Webhosting Revisited

I am currently moving my websites back from a shared webhosting environment to a dedicated server. Why do I take this extra cost, generated not only by higher fees for the dedicated server, but also by increased workload when I have to administer a webserver in-house?

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I had already a dedicated webserver a couple of years ago. I had abandoned it for three reasons: First of all the monthly payment is at least three times as much as a high end shared hosting account costs. But more importantly that old dedicated server used a Linux distribution which was less than stable, and I had to rebuild the server periodically. On top of that the support was less than perfect. If I had a question, the answer was mostly “We do only support the server in its standard configuration.” This meant a lot of work for me, and I spent way too much time administering my system.
I returned to a shared hosting plan. The deal was sweetened by many extras, like video hosting, a mailing list service and more. Considering it all, webhosting was almost for free. This was a great deal, at the first glance as it turned out.

I got what I had paid for.
But it did not too long until I realized that my websites were down for several hours, repeatedly. After complaining it turned out that the server was switched off because of system overload. But worse: I realized that spam links had been injected into all my Word Press blogs. Somebody had managed to access the blog database. I complained to the hosting company and repaired the blogs. Luckily I had backup copies available.
After a few days my sites were down, again. I called the hosting company immediately. It turned out that they are moving the whole shared server to a new machine, due to the prior problems. I was happy, for a while.
Soon after that I found that my traffic stats were gone. They had switched the statistics program from AW-Stats to Webalizer. And much worse, I then realized that my helpdesk installation was no longer accepting email, because some Perl modules had been removed from the server. All that happened without any communications about the changes from the side of the hosting company. I decided quickly to get my dedicated server back, but this time with a decent service package.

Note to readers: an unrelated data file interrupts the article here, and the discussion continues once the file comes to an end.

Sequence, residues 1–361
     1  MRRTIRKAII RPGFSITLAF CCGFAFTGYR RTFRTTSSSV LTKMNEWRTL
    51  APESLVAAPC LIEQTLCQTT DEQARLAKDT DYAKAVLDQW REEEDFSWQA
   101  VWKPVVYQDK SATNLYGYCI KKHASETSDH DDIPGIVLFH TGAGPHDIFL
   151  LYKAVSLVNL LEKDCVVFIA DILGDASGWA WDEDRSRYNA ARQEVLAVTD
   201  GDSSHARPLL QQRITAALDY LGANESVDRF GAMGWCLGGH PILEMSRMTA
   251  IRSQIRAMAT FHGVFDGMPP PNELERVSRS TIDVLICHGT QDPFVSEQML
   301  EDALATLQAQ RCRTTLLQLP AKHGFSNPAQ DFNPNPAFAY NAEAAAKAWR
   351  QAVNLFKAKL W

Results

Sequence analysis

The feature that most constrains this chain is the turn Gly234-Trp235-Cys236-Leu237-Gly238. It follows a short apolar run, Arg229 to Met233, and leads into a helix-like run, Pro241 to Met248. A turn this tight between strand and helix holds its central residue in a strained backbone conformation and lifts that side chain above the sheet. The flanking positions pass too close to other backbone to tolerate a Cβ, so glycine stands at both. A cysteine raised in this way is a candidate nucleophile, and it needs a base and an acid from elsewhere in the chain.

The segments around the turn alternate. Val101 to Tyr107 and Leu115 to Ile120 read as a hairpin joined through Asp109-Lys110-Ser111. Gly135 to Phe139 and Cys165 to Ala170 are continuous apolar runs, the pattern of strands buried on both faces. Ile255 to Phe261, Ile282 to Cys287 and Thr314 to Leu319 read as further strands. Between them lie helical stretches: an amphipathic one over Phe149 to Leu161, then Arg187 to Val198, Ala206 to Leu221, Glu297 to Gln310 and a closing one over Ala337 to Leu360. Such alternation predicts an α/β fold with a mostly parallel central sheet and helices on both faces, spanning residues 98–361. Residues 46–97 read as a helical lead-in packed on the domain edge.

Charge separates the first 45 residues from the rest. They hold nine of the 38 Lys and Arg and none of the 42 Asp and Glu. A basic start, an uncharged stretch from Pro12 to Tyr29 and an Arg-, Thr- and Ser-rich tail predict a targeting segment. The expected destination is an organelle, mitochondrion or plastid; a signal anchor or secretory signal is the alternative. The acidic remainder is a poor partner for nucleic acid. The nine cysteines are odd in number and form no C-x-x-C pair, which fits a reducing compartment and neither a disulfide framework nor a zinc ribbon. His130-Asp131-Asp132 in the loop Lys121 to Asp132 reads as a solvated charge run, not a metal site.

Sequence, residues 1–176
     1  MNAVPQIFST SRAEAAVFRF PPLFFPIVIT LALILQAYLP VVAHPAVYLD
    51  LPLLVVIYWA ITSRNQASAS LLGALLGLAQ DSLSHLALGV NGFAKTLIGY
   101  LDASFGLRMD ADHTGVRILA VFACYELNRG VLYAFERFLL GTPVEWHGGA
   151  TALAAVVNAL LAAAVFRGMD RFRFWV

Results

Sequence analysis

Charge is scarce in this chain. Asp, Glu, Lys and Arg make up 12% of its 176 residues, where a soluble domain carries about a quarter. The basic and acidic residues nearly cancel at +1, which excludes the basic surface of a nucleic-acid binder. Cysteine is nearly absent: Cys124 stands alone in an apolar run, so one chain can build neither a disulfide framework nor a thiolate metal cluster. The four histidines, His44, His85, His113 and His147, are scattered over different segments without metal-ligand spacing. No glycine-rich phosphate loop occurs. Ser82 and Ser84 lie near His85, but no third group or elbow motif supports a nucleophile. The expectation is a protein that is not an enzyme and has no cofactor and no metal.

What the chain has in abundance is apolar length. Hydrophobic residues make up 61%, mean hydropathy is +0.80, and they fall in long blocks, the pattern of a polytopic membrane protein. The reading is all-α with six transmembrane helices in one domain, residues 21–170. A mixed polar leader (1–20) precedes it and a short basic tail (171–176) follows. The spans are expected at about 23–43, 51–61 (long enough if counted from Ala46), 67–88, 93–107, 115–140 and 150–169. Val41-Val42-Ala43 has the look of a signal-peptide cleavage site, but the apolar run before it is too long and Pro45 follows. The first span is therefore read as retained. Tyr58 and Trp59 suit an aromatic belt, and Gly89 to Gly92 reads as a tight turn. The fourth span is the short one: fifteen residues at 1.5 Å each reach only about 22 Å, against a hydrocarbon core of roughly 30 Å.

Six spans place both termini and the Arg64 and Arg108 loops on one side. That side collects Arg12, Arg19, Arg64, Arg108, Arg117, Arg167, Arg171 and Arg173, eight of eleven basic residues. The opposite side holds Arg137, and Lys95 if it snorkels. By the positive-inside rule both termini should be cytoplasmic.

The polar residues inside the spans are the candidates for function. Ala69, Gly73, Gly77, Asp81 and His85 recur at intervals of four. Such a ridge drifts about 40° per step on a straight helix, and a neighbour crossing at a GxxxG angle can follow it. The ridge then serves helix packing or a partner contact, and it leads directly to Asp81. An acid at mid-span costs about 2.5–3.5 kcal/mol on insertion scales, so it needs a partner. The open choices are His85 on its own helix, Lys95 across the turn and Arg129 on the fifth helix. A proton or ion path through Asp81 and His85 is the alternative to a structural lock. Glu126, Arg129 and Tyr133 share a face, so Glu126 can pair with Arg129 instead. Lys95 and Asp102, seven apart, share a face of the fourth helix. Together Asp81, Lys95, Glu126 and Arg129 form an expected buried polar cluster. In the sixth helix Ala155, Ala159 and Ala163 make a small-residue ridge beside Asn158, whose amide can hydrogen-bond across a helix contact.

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A Hosting plan implies more than renting space on a server
The lesson learned from both scenarios is clear: If you pay for hosting, you do pay first and foremost for the people who maintain the technical infrastructure. This applies to a shared hosting plan as well as for a dedicated server. It’s true that I pay for the machine running the website, for electricity and for bandwidth. But the main benefit is the people who are taking care of the infrastructure 7 days per week, 24 hours per day.

What makes a web hosting service excellent?
The term “service” implies that there is a human being either performing a task for me, or helping me to perform that task, and this is exactly what I need. This service people need to be available at the time I need them. Waiting for an answer from Friday evening until Monday morning might well mean that my website is down over the weekend. This is most important in a shared hosting environment, where my own options to correct a problem are very limited.
Of course the service people have to know their stuff. If I ask them whether I can edit a certain configuration file manually, or whether the automation system will overwrite my changes at the next opportunity, I do need an answer.
I award the crown of excellence to service people if they do communicate as appropriate. One example is the implementation of a major configuration change or software update. Such events might render web applications dysfunctional and lead to a loss of statistical data. I want to do a backup before such a change, and I need to do some testing of my applications after it is implemented. For this reasons I must hear from my Webhosting company in advance about planned software and configuration changes.

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